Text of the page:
Narrowing the youth gap

Exploring the impact of changes to the minimum wage on the incidence of low pay among young people

In the Autumn Statement last month, the Chancellor announced big changes to the minimum wage. Alongside the announcement that the adult-rate minimum wage (the ‘National Living Wage’, or NLW) will increase by 10 per cent in April 2024, there were two important changes relating to the minimum wage rates that apply to young people. First, the NLW will be extended to 21-22-year-olds, who will get a wage increase of 12 per cent as a result. Second, the ‘youth rates’ that apply to 16-20-year-olds will go up even more quickly: by 15 per cent for 18-20-year-olds and 21 per cent for 16-17-year-olds. The impact of these changes is large: a low-paid 22-year-old working full time will earn an extra £2,500 a year as a result.  

These changes will have a tangible impact on the prevalence of low pay among young people. More than one-third (37 per cent) of young people aged 18-24 were in low hourly pay in 2022, more than double the rate among workers aged 25-64 (15 per cent). But the widespread incidence of low pay among younger workers means that minimum wage policy can make a real difference to this group, both directly and through spill-over effects. Between 2021 and 2023, for example, the proportion of 22-24-year-olds in low pay halved, from 25 per cent to 13 per cent.

The Low Pay Commission’s ambitious yet careful approach should be continued, with the NLW extended to all workers aged 18 and over as soon as possible without leading to negative employment effects. But action is also needed reduce the incidence of low weekly pay, by boosting the working hours of young people alongside their hourly wages. We suggest three policy priorities: improving working conditions to make full-time work more attractive; reforming childcare to make full-time work more feasible for young parents; and boosting in-work support for the growing number of young disabled people.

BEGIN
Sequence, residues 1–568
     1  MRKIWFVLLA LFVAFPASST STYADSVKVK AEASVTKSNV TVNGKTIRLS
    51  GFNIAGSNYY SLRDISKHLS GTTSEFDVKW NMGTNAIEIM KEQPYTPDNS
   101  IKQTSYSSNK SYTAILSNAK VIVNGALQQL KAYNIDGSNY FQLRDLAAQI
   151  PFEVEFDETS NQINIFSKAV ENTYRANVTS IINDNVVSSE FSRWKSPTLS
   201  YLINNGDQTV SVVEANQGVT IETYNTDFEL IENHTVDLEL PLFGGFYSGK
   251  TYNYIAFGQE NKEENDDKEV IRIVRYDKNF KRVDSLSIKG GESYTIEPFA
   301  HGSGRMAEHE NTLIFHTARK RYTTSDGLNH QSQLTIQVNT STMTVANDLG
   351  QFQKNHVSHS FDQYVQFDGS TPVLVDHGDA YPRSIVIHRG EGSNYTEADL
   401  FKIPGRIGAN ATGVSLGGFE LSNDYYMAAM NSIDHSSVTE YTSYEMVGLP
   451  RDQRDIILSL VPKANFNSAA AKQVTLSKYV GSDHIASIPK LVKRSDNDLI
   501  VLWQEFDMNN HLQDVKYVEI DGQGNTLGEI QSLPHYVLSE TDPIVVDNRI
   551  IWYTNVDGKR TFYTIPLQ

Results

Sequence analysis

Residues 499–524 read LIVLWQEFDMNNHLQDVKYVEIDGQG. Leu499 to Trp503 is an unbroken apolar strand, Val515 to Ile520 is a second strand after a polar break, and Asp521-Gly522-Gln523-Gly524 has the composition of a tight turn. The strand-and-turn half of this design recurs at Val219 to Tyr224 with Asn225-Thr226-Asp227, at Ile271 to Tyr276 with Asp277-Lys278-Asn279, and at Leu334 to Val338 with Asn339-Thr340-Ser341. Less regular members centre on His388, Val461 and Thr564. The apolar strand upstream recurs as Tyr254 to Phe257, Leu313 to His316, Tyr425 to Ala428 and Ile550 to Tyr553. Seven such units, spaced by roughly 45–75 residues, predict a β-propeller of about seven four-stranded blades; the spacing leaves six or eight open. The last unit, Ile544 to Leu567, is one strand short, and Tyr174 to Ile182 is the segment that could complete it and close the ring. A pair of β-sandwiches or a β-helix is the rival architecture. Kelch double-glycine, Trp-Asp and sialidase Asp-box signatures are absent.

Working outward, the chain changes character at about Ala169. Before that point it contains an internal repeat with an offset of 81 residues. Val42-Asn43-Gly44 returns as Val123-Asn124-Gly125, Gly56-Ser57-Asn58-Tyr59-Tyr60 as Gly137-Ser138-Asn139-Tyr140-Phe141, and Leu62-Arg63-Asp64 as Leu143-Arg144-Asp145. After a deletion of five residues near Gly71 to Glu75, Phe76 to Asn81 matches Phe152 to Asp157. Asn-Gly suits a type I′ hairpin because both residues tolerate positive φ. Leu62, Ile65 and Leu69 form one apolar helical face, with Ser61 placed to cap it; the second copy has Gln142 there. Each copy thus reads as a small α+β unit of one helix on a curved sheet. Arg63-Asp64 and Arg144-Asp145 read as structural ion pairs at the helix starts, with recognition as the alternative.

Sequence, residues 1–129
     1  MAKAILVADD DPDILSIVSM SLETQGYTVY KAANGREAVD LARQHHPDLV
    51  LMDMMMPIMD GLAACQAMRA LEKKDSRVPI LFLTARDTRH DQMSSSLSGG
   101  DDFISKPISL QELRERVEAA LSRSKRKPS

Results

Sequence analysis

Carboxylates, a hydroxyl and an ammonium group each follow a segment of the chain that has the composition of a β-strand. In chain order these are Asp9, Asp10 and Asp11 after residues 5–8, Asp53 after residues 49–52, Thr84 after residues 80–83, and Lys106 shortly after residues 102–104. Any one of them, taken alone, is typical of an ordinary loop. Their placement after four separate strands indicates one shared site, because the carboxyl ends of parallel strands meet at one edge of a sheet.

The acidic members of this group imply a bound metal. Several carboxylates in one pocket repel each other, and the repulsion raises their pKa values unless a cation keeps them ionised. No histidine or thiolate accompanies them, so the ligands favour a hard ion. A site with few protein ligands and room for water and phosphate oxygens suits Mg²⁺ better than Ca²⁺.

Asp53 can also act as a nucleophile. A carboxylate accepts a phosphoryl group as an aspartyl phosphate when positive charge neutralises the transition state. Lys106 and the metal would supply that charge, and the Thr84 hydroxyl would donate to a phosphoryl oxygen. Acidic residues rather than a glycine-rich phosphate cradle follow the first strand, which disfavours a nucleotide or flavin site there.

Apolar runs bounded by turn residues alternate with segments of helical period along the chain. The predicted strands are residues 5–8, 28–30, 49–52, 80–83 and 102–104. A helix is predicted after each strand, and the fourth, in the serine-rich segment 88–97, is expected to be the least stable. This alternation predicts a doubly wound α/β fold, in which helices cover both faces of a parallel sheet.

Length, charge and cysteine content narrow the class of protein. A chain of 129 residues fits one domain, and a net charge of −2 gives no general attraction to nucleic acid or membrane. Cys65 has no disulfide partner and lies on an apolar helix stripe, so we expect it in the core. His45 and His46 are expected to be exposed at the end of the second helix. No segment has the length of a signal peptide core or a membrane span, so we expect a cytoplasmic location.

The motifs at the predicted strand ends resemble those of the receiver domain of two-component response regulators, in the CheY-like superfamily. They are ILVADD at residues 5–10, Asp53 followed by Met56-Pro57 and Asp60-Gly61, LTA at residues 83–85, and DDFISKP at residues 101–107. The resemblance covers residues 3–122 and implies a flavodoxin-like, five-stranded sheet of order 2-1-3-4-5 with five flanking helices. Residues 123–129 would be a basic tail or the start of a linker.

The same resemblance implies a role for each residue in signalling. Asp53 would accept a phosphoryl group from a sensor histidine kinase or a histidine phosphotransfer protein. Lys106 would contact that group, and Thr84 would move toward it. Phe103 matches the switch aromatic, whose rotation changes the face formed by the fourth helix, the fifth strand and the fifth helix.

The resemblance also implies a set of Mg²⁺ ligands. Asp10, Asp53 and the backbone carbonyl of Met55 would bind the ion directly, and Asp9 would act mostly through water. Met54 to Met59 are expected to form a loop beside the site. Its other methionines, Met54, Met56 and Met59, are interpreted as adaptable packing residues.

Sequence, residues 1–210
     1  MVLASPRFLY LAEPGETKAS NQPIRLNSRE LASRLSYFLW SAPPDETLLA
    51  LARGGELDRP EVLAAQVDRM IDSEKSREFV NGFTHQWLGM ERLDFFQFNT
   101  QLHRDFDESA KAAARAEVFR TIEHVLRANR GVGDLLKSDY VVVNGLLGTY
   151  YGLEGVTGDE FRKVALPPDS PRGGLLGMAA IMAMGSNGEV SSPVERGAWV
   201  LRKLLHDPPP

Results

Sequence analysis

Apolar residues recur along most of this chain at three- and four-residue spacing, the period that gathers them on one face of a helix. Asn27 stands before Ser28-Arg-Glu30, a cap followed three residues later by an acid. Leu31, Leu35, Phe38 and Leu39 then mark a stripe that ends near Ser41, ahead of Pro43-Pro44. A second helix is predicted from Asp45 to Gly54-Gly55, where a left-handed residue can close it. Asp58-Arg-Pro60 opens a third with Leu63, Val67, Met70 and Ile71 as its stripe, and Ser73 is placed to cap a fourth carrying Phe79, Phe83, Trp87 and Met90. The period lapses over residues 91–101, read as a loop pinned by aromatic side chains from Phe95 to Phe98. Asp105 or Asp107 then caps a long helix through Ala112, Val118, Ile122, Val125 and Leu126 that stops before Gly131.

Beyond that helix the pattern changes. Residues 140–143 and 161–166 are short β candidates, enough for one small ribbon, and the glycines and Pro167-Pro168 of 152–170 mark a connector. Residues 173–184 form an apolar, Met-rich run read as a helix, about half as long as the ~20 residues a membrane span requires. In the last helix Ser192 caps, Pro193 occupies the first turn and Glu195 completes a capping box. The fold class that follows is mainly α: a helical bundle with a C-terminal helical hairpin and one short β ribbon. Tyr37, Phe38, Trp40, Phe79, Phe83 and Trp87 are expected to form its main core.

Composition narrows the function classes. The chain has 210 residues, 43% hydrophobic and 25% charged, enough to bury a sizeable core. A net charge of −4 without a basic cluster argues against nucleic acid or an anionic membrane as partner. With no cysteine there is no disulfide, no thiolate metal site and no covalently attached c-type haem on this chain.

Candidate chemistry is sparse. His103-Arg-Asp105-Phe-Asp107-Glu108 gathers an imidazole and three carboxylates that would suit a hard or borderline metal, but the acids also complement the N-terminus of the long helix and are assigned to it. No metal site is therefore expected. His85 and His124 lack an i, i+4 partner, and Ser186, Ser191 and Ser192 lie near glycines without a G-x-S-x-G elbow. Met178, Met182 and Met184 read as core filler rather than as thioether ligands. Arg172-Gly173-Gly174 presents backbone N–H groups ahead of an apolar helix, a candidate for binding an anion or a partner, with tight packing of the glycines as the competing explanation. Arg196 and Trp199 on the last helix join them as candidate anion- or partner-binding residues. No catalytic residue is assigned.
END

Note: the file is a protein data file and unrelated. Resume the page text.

The Chancellor announced large increases to the minimum wage at the Autumn Statement

In the Autumn Statement last month, the Chancellor announced the minimum wage rates that will apply from April 2024. A large rise to the adult-rate minimum wage (known as the ‘National Living Wage’, or NLW) understandably made headlines, with the rise of 10 per cent (or £1.02) between 2023 and 2024 being the largest ever increase in cash terms. But in this Spotlight, we focus on the Chancellor’s other minimum wage announcements: to introduce even larger increases to the minimum wage for younger workers (i.e. those aged 16-22) in April 2024.

From April 2024, the NLW will be extended to all those aged 21 and above (as was first recommended by the Low Pay Commission (LPC) in 2019), meaning that those aged 21-22 – currently covered by a lower minimum wage rate – will benefit from a minimum wage increase of 12 per cent (£1.26). For a low-paid 22-year-old working full time, this boost to the minimum wage will translate to an extra £2,500 a year.

But it is younger workers aged 16-20 who will benefit the most. For 18-20-year-olds, the minimum wage will increase by 15 per cent (£1.11), while 16-17-year-olds will see their minimum wage increase by over a fifth (up 21 per cent, or £1.12). This large rise in the youth minimum wage rates is very welcome, not least because, as Figure 1 shows, the minimum wage rates that apply to workers aged 16-22 have lagged behind the NLW in recent years. In particular, between 2010 and 2023, the adult-rate minimum wage increased by 76 per cent in nominal terms, but the rates for 21-22-year-olds, 18-20-year olds and 16-17-year-olds have not risen nearly as fast, with increases of 72 per cent, 52 per cent and 45 per cent respectively. As the LPC noted in their 2023 summary of evidence, the result is a growing gulf between the adult and youth minimum wage rates: the 18-20-year-old rate, for example, has fallen from being worth 83 per cent of the adult rate in 2010 to just 72 per cent in 2023. The announced minimum wage rates for 2024 go some way to close this gap, with the 18-20-year-old rate set to rise to 75 per cent of the adult rate.